The bitter and cynical Mae Doyle returns to the fishing village where she was raised after deceptive loves and life in New York. She meets her brother, the fisherman Joe Doyle, and he lodges her in his home. Mae is courted by Jerry D'Amato, a good and naive man that owns the boat where Joe works, and he introduces his brutal friend Earl Pfeiffer, who works as theater's projectionist and is cheated by his wife. She does not like Earl and his jokes, but Jerry considers him his friend and they frequently see each other. Mae decides to accept the proposal of Jerry and they get married and one year later they have a baby girl. When the wife of Earl leaves him, he becomes depressed and Mae, who is bored with her loveless marriage, has an affair with him. Written by
Claudio Carvalho, Rio de Janeiro, Brazil
Livin' in my house! Lovin' another man! Is that what you call bein' honest? That's just givin' it a nice name!
See more »
Did You Know?
As this was one of Marilyn Monroe
's first starring roles, she was still under an acting coach and wanted her on the set to help her in scenes. She would stand behind director Fritz Lang
and tell her when a scene was good enough, as opposed to listening to Lang, and when the director saw what was going on he got furious and demanded she leave the set (at the time this coach also worked for 20th Century Fox). After Monroe complained and wouldn't act without her, Lang allowed the coach to return to the set, on the condition that she not direct Monroe. See more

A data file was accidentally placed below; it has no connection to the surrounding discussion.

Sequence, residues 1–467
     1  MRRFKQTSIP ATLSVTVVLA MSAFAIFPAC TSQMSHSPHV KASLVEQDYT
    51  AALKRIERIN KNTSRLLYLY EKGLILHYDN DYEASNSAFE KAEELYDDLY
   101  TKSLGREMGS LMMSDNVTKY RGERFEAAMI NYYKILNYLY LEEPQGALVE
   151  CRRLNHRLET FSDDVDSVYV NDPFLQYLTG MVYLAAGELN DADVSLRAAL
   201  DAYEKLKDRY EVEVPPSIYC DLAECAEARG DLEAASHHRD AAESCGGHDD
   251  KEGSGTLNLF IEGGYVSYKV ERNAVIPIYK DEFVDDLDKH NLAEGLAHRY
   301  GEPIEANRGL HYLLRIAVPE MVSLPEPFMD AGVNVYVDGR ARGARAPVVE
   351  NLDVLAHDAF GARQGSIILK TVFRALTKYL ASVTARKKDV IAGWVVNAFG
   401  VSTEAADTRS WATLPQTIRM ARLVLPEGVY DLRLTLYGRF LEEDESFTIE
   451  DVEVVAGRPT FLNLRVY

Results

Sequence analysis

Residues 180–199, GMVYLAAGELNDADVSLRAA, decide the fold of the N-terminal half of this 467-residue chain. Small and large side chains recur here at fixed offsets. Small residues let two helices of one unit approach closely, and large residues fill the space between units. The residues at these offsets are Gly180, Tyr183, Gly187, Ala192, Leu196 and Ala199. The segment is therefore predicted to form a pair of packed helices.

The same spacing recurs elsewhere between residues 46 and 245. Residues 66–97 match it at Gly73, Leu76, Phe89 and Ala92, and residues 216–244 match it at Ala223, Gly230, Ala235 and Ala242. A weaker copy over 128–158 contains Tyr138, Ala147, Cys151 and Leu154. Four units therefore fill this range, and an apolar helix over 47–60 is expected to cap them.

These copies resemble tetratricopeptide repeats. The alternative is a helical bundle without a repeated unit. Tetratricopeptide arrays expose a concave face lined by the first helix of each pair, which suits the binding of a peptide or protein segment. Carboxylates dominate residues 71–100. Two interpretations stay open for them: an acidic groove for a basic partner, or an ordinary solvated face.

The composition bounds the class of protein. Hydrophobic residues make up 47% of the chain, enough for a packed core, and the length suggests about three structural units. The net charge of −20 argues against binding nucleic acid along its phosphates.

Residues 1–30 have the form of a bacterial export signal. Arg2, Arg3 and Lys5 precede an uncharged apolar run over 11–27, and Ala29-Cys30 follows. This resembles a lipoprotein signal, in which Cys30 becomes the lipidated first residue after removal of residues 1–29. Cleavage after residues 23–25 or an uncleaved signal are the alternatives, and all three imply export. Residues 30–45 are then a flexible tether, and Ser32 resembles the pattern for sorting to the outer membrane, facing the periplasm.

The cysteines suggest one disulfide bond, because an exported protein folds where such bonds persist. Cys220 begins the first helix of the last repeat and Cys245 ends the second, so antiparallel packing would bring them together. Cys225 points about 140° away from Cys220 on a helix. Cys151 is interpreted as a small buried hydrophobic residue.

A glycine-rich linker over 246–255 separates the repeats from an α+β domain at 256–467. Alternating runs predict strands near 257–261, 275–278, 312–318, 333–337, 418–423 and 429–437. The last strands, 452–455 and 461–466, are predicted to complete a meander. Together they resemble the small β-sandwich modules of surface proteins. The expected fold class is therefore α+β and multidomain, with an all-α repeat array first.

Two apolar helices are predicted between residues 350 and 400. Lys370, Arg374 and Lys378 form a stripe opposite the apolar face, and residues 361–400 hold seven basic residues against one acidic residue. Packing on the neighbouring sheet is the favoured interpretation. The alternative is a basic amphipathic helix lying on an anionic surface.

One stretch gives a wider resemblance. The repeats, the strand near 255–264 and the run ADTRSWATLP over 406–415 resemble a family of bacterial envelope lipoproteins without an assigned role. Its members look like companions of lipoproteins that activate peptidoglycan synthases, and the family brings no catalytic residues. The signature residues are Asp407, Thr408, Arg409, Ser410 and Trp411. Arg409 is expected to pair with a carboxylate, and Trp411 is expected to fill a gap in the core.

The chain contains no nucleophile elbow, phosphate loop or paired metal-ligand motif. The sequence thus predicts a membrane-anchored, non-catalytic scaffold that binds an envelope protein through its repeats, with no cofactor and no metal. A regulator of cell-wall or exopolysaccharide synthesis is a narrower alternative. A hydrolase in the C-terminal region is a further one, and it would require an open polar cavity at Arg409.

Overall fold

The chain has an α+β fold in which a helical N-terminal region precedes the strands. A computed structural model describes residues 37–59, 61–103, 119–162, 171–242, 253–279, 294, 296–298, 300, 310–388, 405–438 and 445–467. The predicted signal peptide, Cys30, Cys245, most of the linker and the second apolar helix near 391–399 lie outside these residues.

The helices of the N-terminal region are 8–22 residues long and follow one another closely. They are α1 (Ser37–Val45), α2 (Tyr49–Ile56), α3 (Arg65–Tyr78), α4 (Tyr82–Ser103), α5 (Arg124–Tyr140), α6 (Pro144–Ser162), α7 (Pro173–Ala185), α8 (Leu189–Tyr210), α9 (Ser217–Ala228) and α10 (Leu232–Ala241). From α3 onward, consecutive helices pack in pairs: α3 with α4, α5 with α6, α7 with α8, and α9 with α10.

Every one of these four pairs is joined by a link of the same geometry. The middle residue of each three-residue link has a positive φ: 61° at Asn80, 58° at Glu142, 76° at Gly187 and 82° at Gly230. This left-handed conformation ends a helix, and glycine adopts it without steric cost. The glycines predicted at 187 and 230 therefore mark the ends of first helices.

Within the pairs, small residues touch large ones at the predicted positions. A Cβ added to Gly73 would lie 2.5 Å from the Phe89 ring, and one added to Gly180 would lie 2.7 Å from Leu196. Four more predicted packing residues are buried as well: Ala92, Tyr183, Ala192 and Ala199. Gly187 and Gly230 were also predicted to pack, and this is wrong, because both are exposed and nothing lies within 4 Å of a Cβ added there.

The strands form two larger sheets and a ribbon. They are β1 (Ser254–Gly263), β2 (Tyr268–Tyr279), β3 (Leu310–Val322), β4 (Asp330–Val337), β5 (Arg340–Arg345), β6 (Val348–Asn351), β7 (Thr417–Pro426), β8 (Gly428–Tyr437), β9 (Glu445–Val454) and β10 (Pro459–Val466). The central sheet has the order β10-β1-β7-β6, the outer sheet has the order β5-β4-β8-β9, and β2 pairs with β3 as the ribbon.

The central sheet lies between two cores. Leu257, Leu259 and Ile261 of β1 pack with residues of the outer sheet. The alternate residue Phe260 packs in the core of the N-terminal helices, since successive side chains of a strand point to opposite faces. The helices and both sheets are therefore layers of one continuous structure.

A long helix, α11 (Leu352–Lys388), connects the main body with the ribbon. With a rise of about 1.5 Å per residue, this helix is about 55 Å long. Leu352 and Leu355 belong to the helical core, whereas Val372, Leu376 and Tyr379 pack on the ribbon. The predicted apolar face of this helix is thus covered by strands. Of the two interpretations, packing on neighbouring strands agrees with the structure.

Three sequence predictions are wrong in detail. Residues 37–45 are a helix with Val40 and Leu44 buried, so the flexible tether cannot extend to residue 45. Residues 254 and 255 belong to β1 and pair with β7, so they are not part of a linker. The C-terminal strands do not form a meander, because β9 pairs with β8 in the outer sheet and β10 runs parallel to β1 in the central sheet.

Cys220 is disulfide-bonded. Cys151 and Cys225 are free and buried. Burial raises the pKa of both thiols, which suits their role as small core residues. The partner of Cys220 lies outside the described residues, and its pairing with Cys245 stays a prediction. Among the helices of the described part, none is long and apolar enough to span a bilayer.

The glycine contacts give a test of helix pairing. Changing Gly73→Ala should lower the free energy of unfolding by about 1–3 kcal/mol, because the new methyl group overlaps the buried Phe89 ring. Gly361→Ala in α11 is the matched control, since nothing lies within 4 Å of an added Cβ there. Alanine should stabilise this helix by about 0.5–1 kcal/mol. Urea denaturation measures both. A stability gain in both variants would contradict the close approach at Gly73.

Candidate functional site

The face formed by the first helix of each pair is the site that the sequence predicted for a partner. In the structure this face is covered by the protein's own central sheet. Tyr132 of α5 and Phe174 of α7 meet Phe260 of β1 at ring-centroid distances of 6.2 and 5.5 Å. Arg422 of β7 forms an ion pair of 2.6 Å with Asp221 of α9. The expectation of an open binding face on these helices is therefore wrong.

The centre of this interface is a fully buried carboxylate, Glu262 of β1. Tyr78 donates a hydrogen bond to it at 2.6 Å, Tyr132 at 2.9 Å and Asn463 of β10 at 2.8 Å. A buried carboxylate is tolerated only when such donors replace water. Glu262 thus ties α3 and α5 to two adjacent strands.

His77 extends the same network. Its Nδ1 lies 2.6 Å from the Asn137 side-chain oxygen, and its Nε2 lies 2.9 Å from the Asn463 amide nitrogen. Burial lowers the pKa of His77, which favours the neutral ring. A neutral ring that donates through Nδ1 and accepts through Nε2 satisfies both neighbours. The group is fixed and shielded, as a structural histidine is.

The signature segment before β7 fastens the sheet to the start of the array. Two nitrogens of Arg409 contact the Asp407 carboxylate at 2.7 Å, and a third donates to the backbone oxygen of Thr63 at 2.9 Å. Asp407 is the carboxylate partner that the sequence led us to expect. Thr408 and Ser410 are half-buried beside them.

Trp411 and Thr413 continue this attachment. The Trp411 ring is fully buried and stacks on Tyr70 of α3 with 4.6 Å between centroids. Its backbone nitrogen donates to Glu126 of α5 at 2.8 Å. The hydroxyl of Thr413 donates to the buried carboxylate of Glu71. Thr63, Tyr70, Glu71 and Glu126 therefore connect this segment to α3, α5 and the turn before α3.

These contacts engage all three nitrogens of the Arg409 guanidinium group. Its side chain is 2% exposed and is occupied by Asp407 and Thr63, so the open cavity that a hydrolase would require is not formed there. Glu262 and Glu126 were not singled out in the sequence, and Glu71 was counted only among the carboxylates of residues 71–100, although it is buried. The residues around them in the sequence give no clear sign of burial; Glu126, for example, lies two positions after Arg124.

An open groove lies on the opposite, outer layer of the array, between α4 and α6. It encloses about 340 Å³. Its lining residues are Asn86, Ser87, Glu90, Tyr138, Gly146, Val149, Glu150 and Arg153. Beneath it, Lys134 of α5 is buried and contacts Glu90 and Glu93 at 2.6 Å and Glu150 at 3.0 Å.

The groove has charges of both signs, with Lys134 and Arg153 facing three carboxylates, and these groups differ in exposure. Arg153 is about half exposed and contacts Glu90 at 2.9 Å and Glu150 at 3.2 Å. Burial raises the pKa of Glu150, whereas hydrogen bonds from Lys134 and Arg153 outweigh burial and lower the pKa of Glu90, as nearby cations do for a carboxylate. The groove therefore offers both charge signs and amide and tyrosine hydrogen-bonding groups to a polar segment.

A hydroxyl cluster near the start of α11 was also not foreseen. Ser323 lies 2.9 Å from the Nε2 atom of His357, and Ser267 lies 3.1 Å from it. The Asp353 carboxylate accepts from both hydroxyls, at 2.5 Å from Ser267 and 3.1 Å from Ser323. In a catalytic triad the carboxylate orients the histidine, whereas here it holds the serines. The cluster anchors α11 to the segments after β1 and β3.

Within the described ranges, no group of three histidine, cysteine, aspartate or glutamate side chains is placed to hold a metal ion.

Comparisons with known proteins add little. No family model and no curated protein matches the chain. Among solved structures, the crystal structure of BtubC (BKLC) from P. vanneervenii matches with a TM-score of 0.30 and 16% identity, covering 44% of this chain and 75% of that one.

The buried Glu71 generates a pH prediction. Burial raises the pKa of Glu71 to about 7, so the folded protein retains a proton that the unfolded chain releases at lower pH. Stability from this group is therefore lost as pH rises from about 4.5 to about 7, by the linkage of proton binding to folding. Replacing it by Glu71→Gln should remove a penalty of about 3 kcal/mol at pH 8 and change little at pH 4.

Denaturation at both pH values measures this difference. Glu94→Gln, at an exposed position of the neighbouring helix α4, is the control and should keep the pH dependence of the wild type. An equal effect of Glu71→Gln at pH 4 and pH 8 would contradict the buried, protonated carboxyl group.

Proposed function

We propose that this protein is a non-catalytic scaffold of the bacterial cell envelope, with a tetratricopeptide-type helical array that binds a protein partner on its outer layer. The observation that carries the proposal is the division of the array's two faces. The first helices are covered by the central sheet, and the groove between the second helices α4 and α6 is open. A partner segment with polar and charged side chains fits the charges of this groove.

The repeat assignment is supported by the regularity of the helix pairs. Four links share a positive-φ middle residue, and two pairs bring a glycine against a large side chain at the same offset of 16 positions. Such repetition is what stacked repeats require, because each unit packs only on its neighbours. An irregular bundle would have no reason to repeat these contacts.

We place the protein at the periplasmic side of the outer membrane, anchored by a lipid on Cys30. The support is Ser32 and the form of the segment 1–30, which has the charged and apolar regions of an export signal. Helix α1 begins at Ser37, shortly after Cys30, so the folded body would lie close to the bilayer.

When Earl the projectionist is rewinding the recently run roll of film (around 10 minute mark), he uses a manual crank re-winder from reel to reel. One of the reels is wrong because he is putting the outer film side on the inside of the new reel. See more
[Peggy watches as Mae leaves to meet Earl
Maybe you'd like to go with her.
That ring on your finger - what'd you put it there for? A decoration?
She has a right to do what she wants to if she's in love.
In love! Listen to me, blondie. The woman I marry, she don't take me on a wait and see basis. I ain't a dress she's bringin' home from the store to see if it fits and if it don't, back it goes. In my book marriage is a two-way proposition: you're just as much responsible as I am...
and introducing Keith Andes See more
I Hear a Rhapsody
Sung by Tony Martin
Written by George Fragos
(uncredited), Jack Baker
(uncredited) and Dick Gasparre
(uncredited) See more